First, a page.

More than 85% of the 138 million tonnes of coal produced in Queensland in 2000/01 was exported accounting for $6.7 billion or approximately 32% of Queensland's export income. Although making a considerable contribution to the wealth of current Queenslanders, coalmining damages the environment and may be a diseconomy to future generations. The most obvious and immediate impact of strip-coalmining is the destruction of the landscape; however, there may also be both immediate and long-term damage to the watershed. Others may bear the cost of such damage. Following mine closure, the most environmentally damaging impact may not be to the mined land but rather to down stream water quality as a consequence of pollutants originating from the abandoned mine. The market deals poorly with the side effects or externalities of mining and the allocation of resources between present and future generations. Rehabilitating the strip-coalmine spoilpiles in Queensland currently costs around $26,000 per hectare or $90 million per annum. Surrounding land may be purchased for less than $1,000 per hectare. On several occasions, articles in the Courier-Mail have criticised the extent of the strip coalmining industry's backlog of environmental rehabilitation. The cost for completing the backlog was reported to be between $1 billion and $2 billion.
Rehabilitation practices in the strip-coalmines in Queensland's Bowen Basin have in the past been dictated by a potpourri of parliamentary acts, mine lease conditions, and environmental and water quality legislation. The environmental management of mining has been transferred from the Department of Mines and Energy (DME) to the Environmental Protection Agency (EPA) removing a perceived conflict of interest which existed when the DME was both a promoter of mining and the environmental regulator. The lack of a paramount environmental vision, evidenced in previous policy, has been resolved with the Australian and Queensland Governments' acceptance of the vision of ecologically sustainable development (ESD). Under the ESD vision, the EPA has established the objective of protecting or enhancing certain environmental values or various attributes; however, as yet there has been no attempt to place a value on or rank the attributes. The hypothesis of this thesis is that an improved environmental outcome is possible by reallocating the current rehabilitation expenditure amongst the competing environmental attributes. This will require the EPA to rank each of the environmental attributes, in collaboration with mine management, using appropriate risk analysis. The EPA and the mining companies will then have a defensible decision-making process. On the other hand, overly prescriptive regulations for strip-coalmines in Queensland will not achieve the highest net economic benefit, including environmental benefit, for the mining companies nor for the citizens of Australia.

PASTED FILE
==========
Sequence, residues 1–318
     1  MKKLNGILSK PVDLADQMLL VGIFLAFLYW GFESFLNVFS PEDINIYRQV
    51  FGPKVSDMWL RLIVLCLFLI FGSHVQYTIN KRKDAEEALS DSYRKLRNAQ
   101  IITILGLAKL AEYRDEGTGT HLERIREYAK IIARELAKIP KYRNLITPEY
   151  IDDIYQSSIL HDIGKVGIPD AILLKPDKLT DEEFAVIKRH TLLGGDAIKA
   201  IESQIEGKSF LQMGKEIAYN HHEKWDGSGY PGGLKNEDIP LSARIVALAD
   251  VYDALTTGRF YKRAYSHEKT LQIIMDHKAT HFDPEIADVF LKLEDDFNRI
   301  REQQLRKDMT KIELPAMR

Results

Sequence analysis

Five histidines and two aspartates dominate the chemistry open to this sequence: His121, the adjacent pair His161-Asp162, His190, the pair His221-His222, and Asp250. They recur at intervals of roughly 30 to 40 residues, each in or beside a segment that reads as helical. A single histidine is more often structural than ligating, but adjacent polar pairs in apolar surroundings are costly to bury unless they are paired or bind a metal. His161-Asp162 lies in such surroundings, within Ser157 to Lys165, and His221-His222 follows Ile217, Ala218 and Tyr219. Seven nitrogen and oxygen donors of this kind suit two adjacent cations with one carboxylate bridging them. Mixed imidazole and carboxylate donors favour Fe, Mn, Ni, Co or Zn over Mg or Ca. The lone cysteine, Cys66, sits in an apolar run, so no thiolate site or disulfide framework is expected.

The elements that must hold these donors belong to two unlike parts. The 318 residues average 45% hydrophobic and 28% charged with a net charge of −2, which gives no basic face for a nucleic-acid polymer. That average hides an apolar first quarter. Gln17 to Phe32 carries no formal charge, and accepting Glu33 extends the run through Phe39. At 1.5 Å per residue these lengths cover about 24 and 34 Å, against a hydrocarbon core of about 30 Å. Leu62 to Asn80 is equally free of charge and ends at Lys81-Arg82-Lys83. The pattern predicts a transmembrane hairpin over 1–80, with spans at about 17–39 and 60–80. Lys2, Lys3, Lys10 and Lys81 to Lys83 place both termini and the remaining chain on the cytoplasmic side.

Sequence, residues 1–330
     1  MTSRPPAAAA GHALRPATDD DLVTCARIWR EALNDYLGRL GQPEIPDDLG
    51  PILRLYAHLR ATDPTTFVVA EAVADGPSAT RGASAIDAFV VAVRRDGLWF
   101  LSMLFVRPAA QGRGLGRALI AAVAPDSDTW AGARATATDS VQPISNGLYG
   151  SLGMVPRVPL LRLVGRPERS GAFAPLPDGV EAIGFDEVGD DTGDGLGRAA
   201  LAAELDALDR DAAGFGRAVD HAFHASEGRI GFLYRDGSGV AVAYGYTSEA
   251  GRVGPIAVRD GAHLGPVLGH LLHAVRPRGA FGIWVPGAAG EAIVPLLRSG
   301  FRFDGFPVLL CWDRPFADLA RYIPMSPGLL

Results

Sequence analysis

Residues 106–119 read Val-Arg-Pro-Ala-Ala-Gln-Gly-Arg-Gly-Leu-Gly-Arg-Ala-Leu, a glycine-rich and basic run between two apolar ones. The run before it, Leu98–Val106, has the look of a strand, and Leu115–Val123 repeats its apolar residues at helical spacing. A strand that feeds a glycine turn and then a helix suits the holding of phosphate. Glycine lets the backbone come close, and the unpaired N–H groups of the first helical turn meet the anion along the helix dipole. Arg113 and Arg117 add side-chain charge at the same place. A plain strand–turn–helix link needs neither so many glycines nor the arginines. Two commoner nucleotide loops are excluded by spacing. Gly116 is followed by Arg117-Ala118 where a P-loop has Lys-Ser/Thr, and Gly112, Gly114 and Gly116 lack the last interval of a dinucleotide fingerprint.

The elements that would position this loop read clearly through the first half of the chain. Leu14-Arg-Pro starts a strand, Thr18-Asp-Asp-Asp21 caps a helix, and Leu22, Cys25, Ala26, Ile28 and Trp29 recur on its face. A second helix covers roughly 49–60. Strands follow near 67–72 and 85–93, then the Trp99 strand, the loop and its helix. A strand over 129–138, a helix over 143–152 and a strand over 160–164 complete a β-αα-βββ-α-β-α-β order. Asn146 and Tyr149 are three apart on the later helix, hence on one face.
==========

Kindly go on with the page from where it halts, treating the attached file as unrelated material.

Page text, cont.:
Relevant welfare economic theory especially in relation to externalities, utility, obligations to future generations and the economic value of the environment is explored. Decision making theory has been incorporated into an environmental decision making hierarchy table for mining projects to show where decision-making responsibility should rest. An initial cost-benefit analysis (CBA) revealed that returning the land to grazing was not economically justifiable; however, the environmental benefits were not identified. In the next phase the relevant environmental attributes were identified and ranked using expert focus groups. The most pertinent findings were that downstream water quality and aesthetics are of more importance than land quality within the mine, whereas most environmental expenditure is focused on land related activities. Furthermore, there is a need for the EPA to clearly enunciate its environmental vision and objectives in relation to mine rehabilitation.
Although it has been possible to place the environmental attributes in ordinal rank, it is not yet possible to place a cardinal value on the attributes. Nor is there an accepted common measure of rehabilitation effectiveness, a prerequisite of cost-effectiveness analysis (CEA). If, however, downstream water quality was to be accepted as the single measure of effectiveness then current expenditure on mined land rehabilitation could be distributed so as to maximise downstream water quality. The data economist need in order to advise on more cost-effective rehabilitation procedures on the strip-coalmines are values for improved water quality in the Fitzroy catchment and values for improving the aesthetics of mined land. The current study indicates that it may be more effective to direct environmental rehabilitation expenditure toward minimising stream pollution rather than the current emphasis on growing vegetation on spoil piles. In the absence of more precise economic data, application of the precautionary principle would suggest that environmental expenditure be directed toward eliminating the risk of any long term regional environmental damage ahead of reducing environmental damage which can be contained within the mine sites.